About five years after the creation of the toy soldier, Nicolas II relinquished power and his family escaped to a safe hideout. Their security only lasted a year before they were slaughtered at the hands of Russian authorities. With the full story unveiled, the Davis family had to make a decision.
The Davis family knew that a previous Fabergé figurine had been auctioned at Sotheby’s for $1.8 million back in 2005. So, the family hired an expert auctioneer to land them a staggering deal.
A good auctioneer knows how to sell. They’ll talk about the history, components, and manpower behind any item to secure a bid. The auctioneer for this little Fabergé soldier, however, stumbled upon the easiest job of his life. For the entire 15 minutes of bidding, the room was an absolute madhouse!
The bidders were bouncing back and forth, pushing the price higher and higher with every passing second. During the mayhem, a London-based jeweler called Wartski made a bid over the phone, crushing the competition with a whopping $6 million bid! Wartski explained their reasoning to the Register Star.
“The purchase of the figure is a continuation of our long-running tradition of acquiring Imperial Russian Works of Art,” said Wartski. What would the jeweler buy from an average Jo to add to their expensive collection?
To make this kind of profit, you’d have to stumble on a genuine Fabergé. Look for the intricate, almost decadent assortment of gemstones and engravings of gold, particularly with Russian emblems or double-headed eagles. What if you were to find a real Fabergé Egg?
Well, getting your hands on a real Fabergé anything would mean entering witness protection. As far as the eggs go, however, those babies sell for over $33 million a piece! For now, you may want to start the search with your own attic. Rudi Schlattner thought there might be treasures in his.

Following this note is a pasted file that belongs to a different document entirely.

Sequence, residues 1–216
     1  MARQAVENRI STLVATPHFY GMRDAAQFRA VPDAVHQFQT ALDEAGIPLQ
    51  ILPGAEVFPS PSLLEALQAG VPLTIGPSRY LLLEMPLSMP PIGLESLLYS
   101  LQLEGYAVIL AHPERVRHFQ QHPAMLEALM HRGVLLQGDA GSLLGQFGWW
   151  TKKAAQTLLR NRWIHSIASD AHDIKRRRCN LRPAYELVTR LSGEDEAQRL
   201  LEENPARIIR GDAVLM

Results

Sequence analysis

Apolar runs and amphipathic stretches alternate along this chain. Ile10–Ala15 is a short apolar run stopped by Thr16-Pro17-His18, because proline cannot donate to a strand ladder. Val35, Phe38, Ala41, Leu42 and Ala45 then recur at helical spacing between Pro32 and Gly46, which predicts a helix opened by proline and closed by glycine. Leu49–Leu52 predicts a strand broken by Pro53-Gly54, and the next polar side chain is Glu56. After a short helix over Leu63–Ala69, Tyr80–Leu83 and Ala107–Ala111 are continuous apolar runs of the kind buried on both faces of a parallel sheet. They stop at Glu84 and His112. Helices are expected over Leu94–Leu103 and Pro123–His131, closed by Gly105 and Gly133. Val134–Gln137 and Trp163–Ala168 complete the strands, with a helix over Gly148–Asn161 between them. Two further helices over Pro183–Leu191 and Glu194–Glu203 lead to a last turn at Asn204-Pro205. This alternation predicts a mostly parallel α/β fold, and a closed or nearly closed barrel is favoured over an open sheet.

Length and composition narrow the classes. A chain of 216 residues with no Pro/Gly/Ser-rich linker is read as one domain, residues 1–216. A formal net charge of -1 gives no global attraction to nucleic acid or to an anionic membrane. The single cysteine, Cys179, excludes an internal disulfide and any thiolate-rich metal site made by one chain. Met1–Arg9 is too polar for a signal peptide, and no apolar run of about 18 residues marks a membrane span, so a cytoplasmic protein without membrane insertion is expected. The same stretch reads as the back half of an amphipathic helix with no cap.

At the ripe old age of 83, Rudi Schlattner never expected to return to his childhood home after 70 years. The stately residence caught the attention of many passers-by in Usti nad Labem, Czech Republic. Naturally, the Schlattners were devastated to leave it.
But they had little choice. By 2015, Rudi was the only one left who remembered their trials and travails, but he made sure the younger generations knew about their troubled past. One callous decision turned their world upside-down.
In the immediate aftermath of World War II, Czechoslovakian leaders resented Germany for taking over their country with brute force. President Edvard Beneš retaliated by expelling all ethnic Germans from his country, even those who’d lived in Czech society their entire lives.
So 13-year-old Rudi and his family had no choice but to flee immediately, lest they be forcibly moved by the military. Carrying only a few bags each, they had to leave most of their possessions behind. But Mr. Schlattner had one trick up his sleeve.
After a career as a wealthy merchant, Rudi’s dad knew a thing or two about storing valuables. He told his son that all their worldly belongings were stowed away somewhere in the large attic of their house.